How to Visit Yellowstone After the Flood
The world’s first national park will reopen this week after the devastating floods. Here's what you can expect.
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This piece originally appeared in Outside.
Starting on June 12, Yellowstone National Park and nearby communities in southwest Montana experienced historic flooding, wiping out key infrastructure and forcing all visitors to evacuate. This week, the National Park Service announced $50 million in emergency funding that will enable 80 percent of the park to reopen sooner than anyone anticipated. Here’s what to expect if you’re visiting this summer, which you absolutely should.
When Will the Park Reopen?
Yellowstone’s southern loop re-opens to the public on Wednesday, June 22, with popular sites like Old Faithful and Upper Geyser Basin accessible to visitors. On June 20, the NPS announced its plans to reopen the northern loop “in two weeks or less,” which suggests it’s targeting the July 4 weekend, or soon thereafter. This will make 80 percent of the park accessible, including popular destinations like Mammoth Hot Springs (where the park’s headquarters is located), Tower Junction, Norris, and Dunraven Pass. Roads should be open as far as Slough Creek, a popular hiking and wildlife viewing area.
The park’s northern entrances—Gardiner and Cooke City—will remain closed to the public for the foreseeable future, and visitors will be unable to drive into Lamar Valley.
Who Will Be Allowed In?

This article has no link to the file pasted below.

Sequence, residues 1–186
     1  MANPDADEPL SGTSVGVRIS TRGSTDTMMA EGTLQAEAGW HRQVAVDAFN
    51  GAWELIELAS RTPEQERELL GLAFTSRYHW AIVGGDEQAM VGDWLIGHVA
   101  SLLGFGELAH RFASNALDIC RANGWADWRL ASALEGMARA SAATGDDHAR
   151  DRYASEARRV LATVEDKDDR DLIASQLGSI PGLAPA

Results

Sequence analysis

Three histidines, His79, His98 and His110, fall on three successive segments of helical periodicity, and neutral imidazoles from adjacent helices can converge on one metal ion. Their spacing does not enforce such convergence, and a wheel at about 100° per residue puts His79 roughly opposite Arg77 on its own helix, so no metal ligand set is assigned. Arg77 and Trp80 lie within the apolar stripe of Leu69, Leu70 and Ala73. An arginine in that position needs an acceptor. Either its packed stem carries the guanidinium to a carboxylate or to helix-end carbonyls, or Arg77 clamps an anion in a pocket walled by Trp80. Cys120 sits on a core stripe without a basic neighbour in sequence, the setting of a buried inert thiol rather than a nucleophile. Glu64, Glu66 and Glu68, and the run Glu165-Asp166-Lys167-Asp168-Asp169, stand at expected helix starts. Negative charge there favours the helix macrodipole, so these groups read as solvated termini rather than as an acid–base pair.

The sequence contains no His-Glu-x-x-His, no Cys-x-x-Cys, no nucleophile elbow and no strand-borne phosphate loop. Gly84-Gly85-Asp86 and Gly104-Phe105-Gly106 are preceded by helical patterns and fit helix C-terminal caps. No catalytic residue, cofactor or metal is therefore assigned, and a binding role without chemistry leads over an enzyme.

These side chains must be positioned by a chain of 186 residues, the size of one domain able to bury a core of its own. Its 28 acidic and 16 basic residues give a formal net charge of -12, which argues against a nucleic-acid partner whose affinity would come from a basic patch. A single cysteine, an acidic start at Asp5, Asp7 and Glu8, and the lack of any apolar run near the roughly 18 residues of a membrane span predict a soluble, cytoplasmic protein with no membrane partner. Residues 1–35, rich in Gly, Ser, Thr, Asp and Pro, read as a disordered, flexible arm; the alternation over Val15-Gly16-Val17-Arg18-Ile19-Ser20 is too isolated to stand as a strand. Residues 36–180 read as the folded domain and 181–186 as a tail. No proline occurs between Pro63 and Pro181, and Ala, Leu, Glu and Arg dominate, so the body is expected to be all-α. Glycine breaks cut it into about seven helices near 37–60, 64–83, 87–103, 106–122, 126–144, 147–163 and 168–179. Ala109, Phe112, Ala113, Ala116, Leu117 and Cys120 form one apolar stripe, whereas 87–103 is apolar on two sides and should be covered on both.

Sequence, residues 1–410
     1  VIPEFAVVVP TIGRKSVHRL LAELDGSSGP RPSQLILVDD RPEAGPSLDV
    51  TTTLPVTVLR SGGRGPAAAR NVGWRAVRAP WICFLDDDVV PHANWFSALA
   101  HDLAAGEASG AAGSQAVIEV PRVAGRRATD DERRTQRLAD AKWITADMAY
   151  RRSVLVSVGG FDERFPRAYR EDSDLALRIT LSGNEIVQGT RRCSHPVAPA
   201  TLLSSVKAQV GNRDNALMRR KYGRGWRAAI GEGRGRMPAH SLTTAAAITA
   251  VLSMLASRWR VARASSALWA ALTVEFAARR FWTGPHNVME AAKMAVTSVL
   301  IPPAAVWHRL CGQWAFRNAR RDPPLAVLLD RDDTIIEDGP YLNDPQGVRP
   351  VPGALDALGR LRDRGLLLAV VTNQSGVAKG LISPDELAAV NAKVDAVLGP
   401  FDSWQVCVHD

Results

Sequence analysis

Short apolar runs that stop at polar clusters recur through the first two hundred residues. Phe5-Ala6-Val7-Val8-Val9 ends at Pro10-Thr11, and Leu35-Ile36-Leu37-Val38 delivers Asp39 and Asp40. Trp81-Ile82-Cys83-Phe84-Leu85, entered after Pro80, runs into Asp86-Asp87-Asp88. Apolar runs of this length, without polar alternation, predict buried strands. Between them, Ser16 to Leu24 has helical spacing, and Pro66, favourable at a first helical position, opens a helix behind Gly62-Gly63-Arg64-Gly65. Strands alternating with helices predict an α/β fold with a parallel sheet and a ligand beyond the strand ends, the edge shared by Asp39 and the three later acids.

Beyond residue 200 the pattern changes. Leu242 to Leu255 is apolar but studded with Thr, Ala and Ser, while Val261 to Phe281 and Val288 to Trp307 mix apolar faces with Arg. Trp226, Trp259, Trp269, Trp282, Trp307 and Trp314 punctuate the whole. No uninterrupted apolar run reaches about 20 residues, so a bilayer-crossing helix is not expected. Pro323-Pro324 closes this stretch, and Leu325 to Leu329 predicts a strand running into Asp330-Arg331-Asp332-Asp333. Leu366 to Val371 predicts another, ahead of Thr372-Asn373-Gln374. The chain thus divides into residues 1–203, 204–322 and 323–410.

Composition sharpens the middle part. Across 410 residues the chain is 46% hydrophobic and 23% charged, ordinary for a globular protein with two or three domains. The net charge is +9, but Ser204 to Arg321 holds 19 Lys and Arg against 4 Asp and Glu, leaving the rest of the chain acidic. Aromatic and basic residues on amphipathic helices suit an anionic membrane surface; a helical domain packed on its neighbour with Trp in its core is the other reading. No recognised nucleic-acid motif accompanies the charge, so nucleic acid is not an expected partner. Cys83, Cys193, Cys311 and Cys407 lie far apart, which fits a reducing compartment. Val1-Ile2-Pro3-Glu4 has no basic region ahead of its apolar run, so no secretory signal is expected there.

To manage traffic, the park is implementing an alternating license plate system. Vehicles with license plates where the last number is odd (1, 3, 5, 7, and 9), or ones with personalized plates without numbers will be allowed through entrances on odd days of the month. Vehicles with license plates where the last number is even, and groups of motorcycles, will be allowed in on even days. Visitors with proof of overnight reservations inside the park (from a lodge or campground), will be allowed access any day. It’s currently unclear how long this system will remain in place.
What Should You Expect?
NPS says to anticipate limited services and facilities, and for access to them to change at any time. While the alternating license plate system should help manage traffic, Yellowstone is known for its frequent “bear jams,” when drivers clog roads to look at wildlife. Parking areas at major attractions like Grand Prismatic Spring and Old Faithful also tend to get very crowded, as do the boardwalks and hiking trails around those areas.
Reservations for lodging, guides, meals, and other services are a good idea any time you visit Yellowstone. This summer, they should be considered essential if you hope to access any of those services, and even then, you may find unexpected closures or delays.
The same goes for areas outside the park. Flooding has damaged many popular campgrounds. That will concentrate congestion both on the ones that remain open, and on nearby public lands. Make a plan for places to stay before you visit.
What Should You Bring?
Given the unpredictability here, I’d recommend entering the park with a full tank of gas, plenty of snacks, drinks, and meals to cover the time you plan to spend there. Also, have a firm plan for your day, along with a backup in another area of the park should your desired destination suddenly be closed.